Vulnerability and introspection

Surrounded by the Shoshone National Forest, the women paddled out with professional snowboarder Megan Pischke, an ambassador and retreat leader from B4BC, and a Stage 3 breast cancer survivor herself. Her positive words and actions created a lively and welcoming environment on the water, where the women giggled and strived to keep balance. “Even though I was not graceful, and was extremely shaky, I did it! I was proud that I challenged myself to try something new!” claimed Lindsey Chaquette. A few hours later after familiarizing themselves on the boards, the group formed a tight circle, boards bobbing gently on the water to share thoughts only they could understand from their journeys with treatment, surgeries, work, family, friends, and their own expectations of a life beyond cancer. Moments later and reflection aside, they hollered triumphantly as survivors when asked to hold their paddles high for a group photo. They were sisters now.

Photograph by Claire Middlebrooks / YETI.

With morning scheduled for learning the art of casting and an afternoon sampling paddleboards, the late afternoon’s yoga held in a cabin below the main ranch proved excellent for a well-deserved stretch and guided meditation led by a Jackson Hole wellness expert who fused an hour of restorative yoga with acupuncture for the group. It’s these moments where the women truly let go because there is little to do other than to be still. The energy in the space was dream-like.

In the midst of this magic, these women found peace, protection, and purpose on this remote ranch surrounded by mature pines and cottonwoods, amid wandering horses and creeks under lush clouds and Wyoming’s open sky. “You’re in nature. You see life. You breathe it in. It heals you as you’re in it,” says Tawny Gonzales.

Photograph by Claire Middlebrooks / YETI.

Mindfulness increases wellbeing, which aids in recovery and fosters a sense of belonging and self-esteem. Therapeutic landscapes are known to decrease anxiety and adventure-based experiences bolster confidence. These retreats are the next step in managing life after cancer. They are regionally based so that the participants can stay in touch with each other. They further demonstrate that a life beyond cancer can be active, engaged, and fulfilling. Focusing on wellness and staying healthy is key. Being in nature replenishes the soul, but also inspires and evokes gratitude.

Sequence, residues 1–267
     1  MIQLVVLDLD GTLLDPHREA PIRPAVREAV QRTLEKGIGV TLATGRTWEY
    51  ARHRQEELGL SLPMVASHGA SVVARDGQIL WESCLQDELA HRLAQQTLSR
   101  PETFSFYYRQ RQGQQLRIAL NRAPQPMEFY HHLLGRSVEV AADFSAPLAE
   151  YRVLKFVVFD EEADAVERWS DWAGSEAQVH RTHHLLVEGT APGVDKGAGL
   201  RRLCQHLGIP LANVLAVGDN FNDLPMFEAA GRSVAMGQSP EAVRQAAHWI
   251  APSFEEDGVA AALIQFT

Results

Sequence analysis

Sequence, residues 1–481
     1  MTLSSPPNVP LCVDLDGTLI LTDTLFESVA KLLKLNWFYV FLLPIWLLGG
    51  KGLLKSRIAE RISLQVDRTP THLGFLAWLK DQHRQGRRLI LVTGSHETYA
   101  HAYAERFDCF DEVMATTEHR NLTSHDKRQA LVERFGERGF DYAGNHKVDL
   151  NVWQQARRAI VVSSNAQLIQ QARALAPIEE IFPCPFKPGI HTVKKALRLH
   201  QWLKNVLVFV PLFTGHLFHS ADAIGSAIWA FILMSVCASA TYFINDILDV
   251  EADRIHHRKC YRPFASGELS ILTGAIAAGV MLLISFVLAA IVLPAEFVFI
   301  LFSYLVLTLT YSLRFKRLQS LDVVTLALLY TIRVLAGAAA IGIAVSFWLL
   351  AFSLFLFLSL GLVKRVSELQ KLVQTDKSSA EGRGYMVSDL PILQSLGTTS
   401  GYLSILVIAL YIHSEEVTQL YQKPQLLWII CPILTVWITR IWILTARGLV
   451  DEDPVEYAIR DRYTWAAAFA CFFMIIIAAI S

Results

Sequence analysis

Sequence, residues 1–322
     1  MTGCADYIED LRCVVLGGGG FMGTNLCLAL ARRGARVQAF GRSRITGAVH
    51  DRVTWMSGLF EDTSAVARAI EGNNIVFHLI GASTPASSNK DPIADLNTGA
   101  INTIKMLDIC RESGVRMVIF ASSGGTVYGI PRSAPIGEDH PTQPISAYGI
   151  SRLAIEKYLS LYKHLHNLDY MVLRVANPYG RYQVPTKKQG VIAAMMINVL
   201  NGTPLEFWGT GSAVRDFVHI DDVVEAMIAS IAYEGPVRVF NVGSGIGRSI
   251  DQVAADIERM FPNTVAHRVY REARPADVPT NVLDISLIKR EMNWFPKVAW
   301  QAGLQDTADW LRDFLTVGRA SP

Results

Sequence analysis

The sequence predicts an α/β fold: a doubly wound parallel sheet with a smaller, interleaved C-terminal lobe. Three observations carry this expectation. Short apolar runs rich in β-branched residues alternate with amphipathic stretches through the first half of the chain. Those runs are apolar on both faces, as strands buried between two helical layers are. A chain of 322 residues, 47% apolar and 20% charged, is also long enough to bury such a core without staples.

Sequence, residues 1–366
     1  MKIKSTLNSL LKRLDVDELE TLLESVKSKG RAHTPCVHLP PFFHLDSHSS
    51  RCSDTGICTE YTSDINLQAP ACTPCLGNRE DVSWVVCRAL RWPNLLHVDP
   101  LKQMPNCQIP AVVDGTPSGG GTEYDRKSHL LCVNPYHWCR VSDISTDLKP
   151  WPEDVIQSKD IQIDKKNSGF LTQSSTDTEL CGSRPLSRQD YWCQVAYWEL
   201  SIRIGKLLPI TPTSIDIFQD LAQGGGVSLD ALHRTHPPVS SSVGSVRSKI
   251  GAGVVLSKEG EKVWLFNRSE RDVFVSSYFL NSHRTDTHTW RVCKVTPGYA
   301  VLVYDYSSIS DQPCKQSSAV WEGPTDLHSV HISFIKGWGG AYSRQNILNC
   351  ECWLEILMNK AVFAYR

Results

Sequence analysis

The outdoor companies who consciously participate with their vision of adventure and wellness are part of the solution for survivors who face challenges, both known and unknown. There’s no nice way to pretty up breast cancer rates when the CDC reports that the most common cancer in women regardless of race or ethnicity is breast cancer, and that it remains the most common cause of death from cancer among Hispanic women. By supporting these companies and organizations, their two-decade long history proves people connect through experiences and those experiences are life changing.

Photograph by Claire Middlebrooks / YETI.

Big props to Maria, Lynna, Lindsey, Hannah, Tanya, Tawny, Sarah, Danielle, Ali and Rachael for your fearless devotion to life. Kudos to the incredible volunteer support teams from CfR, B4BC, and YETI. Thank you Susan, Sarah, Sue, Lise, Melanie, Claire, Beth, Megs, Molly, Missy, Angela, Lauren, (and Thacher at Backbone Media). These unique wellness collaborations are bound by your tireless work and indelible wisdom.

If you’re in Jackson, WY this week, Lise Lozelle from Casting for Recovery and Megan Pischke from Boarding for Breast Cancer will speak at ShiftJH on Thriving with Cancer in Nature. See schedule and get tickets here.

In support of Breast Cancer Awareness Month, YETI is making a collective $100,000 donation to Casting for Recovery and Boarding 4 Breast Cancer.